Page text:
Downtown Tokyo-based theater company, tpt (Theater Project Tokyo)’s 50th memorial production since their foundation in 1993 is “A Number,” the latest work by Caryl Churchill, one of Britain’s most important and prolific contemporary dramatists. Written and premiered in 2002, this work is about human cloning and fundamental questions it exposes about the age-old issue of nature or nurture in the formation of an individual’s character.

Tpt this time called on one of the most engaging young directors in British theater, 31-year-old Sacha Wares, as director — her most recent work includes co-creating and co-directing “Guantanamo,” the controversial Olivier Award nominated play about the prisoners recently held in the Guantanamo bay camp. The company cast the young actor Toru Tezuka to play three cloned sons with veteran Katsuya Kobayashi as the father, Salter.

One drizzling spring evening recently, I visited their rehearsal room in tpt’s homeground, Benisan Pit theater complex and asked Sacha Wares about her first production in Tokyo.

Why did you chose to direct “A Number”?

Even though it’s a really short, simple play, it has got lots of layers . . . when tpt contacted me I thought it was so good to do here because the relationship between fathers and sons is as meaningful here as in Britain, it is totally universal. And also, I knew the size of the Benisan Pit, I thought, because it is such a small and intense play, it would really suit the space as well.

You said there were many ways to do this play, so what is its main theme to you?

For me . . . it is a very ancient, universal theme for drama . . . it is the father’s journey to self-realization.

So is it about the issue of nature versus nurture?

The bigger theme is how hard it is as a person to look at the truth about yourself. For 35 years the father has told lies and has been protecting himself with all these stories.

The whole way through the play, he keeps being given opportunities to tell the truth, and if he did tell the truth, then he could fix things and make them better. But he’s got so used to hiding, that it is his instinct to just tell a lie to protect himself, and that’s his tragedy. He’s not able to say I was wrong, I was weak, I’m sorry . . . he can’t say any of those things.

I heard from the tpt staff that you cared very much about the details of the Japanese translation. Why was that?

It’s such unusual play, the way it’s written, because there isn’t a single complete sentence in the original script. So, somebody starts a thought and then is interrupted or interrupts themselves. So it is a really unusual way of writing, where the actor has to work out what would the character say, if they finished, and why don’t they finish. And usually, they don’t finish because that would mean telling the truth, so they start something and realize “oh no, I have to tell the truth,” then they start something else. So, the structure of the language is all about evading and hiding, which makes it very difficult for a translator and of course, Japanese grammar and English grammar is totally different, the verb comes in different place. So, for example, an incomplete sentence in English that is “I was hoping . . .” in England we would be thinking, then, “What were you hoping?” But if you translate it directly into Japanese, it becomes a finished sentence. So the meaning is totally different. So we had to work very hard with the translator (Keiko Tsuneda), guessing what the rest of the sentence was in English, and then constructing a Japanese sentence which would allow that.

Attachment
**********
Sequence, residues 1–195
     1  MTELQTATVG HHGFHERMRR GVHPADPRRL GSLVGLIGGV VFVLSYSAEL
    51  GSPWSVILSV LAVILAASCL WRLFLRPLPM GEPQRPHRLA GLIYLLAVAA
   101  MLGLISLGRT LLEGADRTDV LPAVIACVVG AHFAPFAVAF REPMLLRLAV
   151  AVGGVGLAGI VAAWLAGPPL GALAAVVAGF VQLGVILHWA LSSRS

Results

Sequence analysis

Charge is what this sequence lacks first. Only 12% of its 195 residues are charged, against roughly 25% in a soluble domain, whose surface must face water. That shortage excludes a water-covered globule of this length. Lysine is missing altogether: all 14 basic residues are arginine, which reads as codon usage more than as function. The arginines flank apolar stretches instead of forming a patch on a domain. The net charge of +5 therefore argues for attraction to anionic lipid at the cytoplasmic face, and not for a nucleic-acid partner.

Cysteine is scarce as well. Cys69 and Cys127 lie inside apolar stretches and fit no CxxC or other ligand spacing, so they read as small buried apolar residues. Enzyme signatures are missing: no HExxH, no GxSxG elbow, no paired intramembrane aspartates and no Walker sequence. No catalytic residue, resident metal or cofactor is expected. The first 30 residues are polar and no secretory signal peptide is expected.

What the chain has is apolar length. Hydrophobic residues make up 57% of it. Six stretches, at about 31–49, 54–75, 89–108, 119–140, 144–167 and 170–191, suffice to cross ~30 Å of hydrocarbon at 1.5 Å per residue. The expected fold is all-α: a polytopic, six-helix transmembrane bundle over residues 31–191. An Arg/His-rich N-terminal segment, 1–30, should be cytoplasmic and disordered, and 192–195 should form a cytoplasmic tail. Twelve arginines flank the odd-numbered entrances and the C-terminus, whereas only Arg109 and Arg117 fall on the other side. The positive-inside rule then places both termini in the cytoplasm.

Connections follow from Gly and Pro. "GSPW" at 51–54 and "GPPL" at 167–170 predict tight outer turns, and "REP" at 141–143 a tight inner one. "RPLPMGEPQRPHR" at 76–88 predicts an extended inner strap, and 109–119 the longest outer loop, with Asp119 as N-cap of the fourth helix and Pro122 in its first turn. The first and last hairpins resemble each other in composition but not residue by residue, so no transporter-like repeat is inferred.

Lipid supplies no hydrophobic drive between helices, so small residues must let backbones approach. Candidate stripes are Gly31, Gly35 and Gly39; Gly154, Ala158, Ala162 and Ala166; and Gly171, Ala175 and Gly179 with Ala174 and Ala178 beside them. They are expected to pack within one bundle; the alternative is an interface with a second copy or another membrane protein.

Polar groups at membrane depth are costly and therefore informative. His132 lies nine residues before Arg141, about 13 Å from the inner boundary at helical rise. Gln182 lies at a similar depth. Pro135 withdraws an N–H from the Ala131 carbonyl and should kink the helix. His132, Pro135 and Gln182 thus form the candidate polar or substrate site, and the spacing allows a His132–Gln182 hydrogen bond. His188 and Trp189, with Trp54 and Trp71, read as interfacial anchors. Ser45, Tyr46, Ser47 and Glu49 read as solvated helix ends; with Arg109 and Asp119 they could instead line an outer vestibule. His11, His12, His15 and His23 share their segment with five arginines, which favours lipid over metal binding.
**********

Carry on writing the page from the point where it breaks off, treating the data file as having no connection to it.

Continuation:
When I saw the rehearsal today, you worked with the actors (Katsuya Kobayashi and Toru Tezuka) so closely like friends. Is it your way of working?

Yes, but I might be a bit unusual in that. My feeling about it is that it is something you do really collectively together. It’s a journey you all go on together. A director’s job is not to teach or instruct, but it is to go on the journey with the actors and just offer “I see this.”

How about the stage set, or costumes this time?

It’s going to be quite simple, because the play is five scenes set in the exactly same place with only two people, so the demands of the play are very small actually. But what we’ve been exploring . . . is how can you start the play from the moment the audience enters the space, so that you don’t wait until they sit down and then the play starts. You ask the audience to enter a world. So, we have designed it so that when the audience come in, they walk down a very very long and low corridor, like a corridor in a house and at the end of it, they can see an image of the boy’s room . . . so it is like they have walked into the father’s memory or his world and past some images from the past.

What would you like to be doing 10 years from now?

I would like to be working in a way that is not confined by the boundaries that you get in theaters, which is that you must have an audience on this side or the show must start at this time . . . I find those rules very difficult, so I would hope in the next 5 or 10 years, I would have found a way of working, maybe more in a live art area . . .

What do you want to take from this experience in Tokyo?

I am very interested to see what the audience is going to make of this particular play and also of this way of organizing the space, to see how it affects people when they are watching the stage. It’s so interesting to work with actors whose training is different, who have a different approach to language, because every day you learn something new and I see there are different ways to approach a text. All of that is incredibly valuable to me as an artist.

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